TOPICS: Count on a Taree gal


Summary

Premier of NSW Barry O’Farrell tours NCIG Coal terminal at Kooragang Island Newcastle This male kelpie cross cattle dog is up for adoption.
Nanjing Night Net

Kurri Kurri Bulldogs supporters’ sign

PREMIER Barry O’Farrell is a diehard Wests Tigers supporter but his wife Rosemary and oldest son Tom, 19, are passionate Newcastle Knights fans, hoping the Hunter’s finest and fittest can knock off the Melbourne Storm this evening.

At a ceremony at the Newcastle Coal Infrastructure Group’s Kooragang Island coal-loader yesterday, the premier said his wife had “asked me to back the Melbourne Storm, because she thinks I’m pretty good at backing losers”.

“So I’m happy to do whatever it takes to make sure the Knights win the premiership this year,” the premier said.

After a tour of the coal-loader in a bus painted in Knights livery, Barry told a Topics operative that he and son Tom had visited the Knights’ change rooms after last weekend’s win over Canterbury.

He said Rosemary was “a Taree girl”, giving her an added affinity with Danny Buderus and Jarrod Mullen, who both hail from that part of the world.

Topics is also wondering whether Newcastle Liberal MP Tim Owen will receive a visit from the political correctness thought police after his opening remarks at the NCIG function.

Called to the microphone to give a vote of thanks for the premier’s attendance, the former RAAF flyboy began by saying: “I always seem to go last at these things, and I say to people it’s like being Elizabeth Taylor’s seventh husband. You know what to do but you don’t know how you’re going to make it interesting.”

Amid much laughter, he got away with it. Just.

Word according to Ben

THE Real NRL grand final is at Newcastle’s No. 1 Sportsground tomorrow, and what the supporters lack in spelling (see pictured) they make up for in passion.

Topics would like to take a moment to praise the name “Real NRL”. It’s clever, tongue-in-cheek and importantly in this age of Google, avoids confusion with that other NRL.

But do you know the story behind the name? It was coined in 1997 by a 22-year-old Newcastle Herald reporter named Ben Drzyzga. He’s now a senior sports and features sub, and his name is pronounced “Driz-kah”.

“At the time, there was a bit of a kerfuffle,” Drzyzga told Topics.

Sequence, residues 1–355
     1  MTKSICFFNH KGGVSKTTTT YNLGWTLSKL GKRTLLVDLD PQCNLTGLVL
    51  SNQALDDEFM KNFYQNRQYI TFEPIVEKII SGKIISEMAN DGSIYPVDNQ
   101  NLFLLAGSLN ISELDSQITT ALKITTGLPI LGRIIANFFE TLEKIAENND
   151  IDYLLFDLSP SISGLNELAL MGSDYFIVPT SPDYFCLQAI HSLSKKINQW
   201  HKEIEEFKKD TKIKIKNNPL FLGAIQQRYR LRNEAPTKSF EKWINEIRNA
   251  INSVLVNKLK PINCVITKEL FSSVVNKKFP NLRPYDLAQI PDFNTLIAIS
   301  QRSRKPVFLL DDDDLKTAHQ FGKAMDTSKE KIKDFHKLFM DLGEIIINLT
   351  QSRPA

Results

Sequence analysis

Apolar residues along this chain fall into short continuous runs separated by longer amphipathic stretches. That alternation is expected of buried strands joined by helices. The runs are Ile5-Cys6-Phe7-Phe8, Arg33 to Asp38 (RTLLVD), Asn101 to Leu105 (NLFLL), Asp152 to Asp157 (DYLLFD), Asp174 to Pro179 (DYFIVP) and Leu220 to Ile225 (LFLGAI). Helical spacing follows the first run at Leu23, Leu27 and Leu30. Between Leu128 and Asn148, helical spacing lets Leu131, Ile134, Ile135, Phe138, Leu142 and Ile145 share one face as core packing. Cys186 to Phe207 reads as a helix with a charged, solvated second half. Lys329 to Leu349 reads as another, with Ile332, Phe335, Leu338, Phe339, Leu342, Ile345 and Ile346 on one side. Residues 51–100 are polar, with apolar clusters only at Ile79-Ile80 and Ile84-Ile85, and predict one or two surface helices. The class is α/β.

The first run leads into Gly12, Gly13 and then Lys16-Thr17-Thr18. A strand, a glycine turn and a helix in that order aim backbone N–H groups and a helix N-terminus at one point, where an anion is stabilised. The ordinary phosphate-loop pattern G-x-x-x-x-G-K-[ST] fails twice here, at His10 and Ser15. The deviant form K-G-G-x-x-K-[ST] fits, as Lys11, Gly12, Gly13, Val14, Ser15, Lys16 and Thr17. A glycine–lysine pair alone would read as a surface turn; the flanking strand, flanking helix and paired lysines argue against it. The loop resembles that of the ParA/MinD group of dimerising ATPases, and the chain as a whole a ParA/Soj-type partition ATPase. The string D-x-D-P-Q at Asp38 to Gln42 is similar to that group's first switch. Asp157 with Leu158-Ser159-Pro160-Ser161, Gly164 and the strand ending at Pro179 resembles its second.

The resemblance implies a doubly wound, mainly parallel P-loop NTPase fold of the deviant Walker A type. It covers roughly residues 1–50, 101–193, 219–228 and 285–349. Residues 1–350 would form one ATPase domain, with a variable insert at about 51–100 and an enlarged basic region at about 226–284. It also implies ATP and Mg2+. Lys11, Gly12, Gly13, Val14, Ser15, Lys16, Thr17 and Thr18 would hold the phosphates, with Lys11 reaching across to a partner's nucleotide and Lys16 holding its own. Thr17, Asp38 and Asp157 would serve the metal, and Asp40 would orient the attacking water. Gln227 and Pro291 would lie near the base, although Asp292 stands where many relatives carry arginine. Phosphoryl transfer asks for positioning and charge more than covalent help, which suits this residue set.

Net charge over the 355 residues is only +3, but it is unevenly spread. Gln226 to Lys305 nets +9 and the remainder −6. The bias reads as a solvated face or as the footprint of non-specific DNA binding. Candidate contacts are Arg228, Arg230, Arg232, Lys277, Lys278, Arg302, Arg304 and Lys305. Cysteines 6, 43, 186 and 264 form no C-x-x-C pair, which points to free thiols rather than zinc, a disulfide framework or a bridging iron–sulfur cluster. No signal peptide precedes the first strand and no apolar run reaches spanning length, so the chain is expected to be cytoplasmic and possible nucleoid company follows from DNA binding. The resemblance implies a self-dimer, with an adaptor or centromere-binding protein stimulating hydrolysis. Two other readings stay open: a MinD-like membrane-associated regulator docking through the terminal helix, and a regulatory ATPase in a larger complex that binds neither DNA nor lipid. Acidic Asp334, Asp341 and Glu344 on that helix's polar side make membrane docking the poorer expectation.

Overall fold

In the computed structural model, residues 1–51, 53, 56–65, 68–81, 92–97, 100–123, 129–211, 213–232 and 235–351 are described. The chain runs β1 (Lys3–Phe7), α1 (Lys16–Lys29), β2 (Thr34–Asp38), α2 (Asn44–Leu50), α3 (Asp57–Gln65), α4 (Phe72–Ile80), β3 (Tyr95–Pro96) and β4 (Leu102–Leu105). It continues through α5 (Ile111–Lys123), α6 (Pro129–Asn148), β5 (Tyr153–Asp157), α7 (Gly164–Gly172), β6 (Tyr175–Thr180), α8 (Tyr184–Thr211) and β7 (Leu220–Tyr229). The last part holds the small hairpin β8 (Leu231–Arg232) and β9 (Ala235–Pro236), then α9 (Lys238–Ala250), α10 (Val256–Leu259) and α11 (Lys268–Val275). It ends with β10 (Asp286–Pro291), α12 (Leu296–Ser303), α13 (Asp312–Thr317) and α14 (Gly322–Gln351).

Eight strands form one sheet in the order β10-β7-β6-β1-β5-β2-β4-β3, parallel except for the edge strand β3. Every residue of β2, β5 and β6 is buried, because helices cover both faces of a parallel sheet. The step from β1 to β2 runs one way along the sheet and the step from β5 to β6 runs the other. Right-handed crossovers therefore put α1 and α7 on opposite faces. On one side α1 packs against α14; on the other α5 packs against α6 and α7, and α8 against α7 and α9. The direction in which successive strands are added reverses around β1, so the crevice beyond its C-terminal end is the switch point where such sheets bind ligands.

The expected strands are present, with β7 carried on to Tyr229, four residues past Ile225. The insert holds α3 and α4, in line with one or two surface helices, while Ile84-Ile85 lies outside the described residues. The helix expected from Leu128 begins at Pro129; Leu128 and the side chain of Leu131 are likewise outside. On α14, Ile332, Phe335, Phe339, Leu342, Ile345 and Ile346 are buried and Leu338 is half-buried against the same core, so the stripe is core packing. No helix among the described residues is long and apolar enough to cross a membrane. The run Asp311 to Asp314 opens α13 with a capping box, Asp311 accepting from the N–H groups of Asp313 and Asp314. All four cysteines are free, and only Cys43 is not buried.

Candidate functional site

“The Newcastle Rugby League was blowing up that the newly formed National Rugby League had taken ‘NRL’.”

The solution, like all the best ones, was simple. NRL? This is the Real NRL, he decided. It became part of the Herald’s house style, and has stuck ever since.

For those in the know

“Oh, Topics,” you’re probably saying.

“You forgot all about International Talk Like a Pirate Day.”

That’s where you’re wrong, dear reader.

While your friends were “Yaar”-ing and “Ahoy”-ing on Thursday, we were waiting for International be Talkin’ Like a Pirate Day for Down Undaaaaarrrr. Which is today.

Seriously – all that pirate talk people were doing on Thursday? Illegal. They could’ve been hauled before the courts without a leg to stand on, wooden, legal or otherwise.

According to an organisation called Ye Auld Australian Rum Riddled Rapscallions (YAARRR for short), today’s the day. Savvy?

Celtic dog, perchance?

WHEN was the last time your dog felt special?

This could be just the thing for you and your best friend: the Celtic Dog Dress-up Parade.

The parade is part of today’s Clans on the Coast Celtic Festival at Nelson Bay, and we can say with complete confidence that we’ve never come across anything like it.

The parading pooches, which “must be sociable to other dogs and humans” to enter, will vie for the titles of Best Owner-Dog Lookalike, Cutest and Most Celtic.

We’re not quite sure how a dog can be Celtic, but police should be ready for clashes if a rival parade of Orangemen dogs decides to march as well.

You can find out more about this event at the website clansonthecoast南京夜网.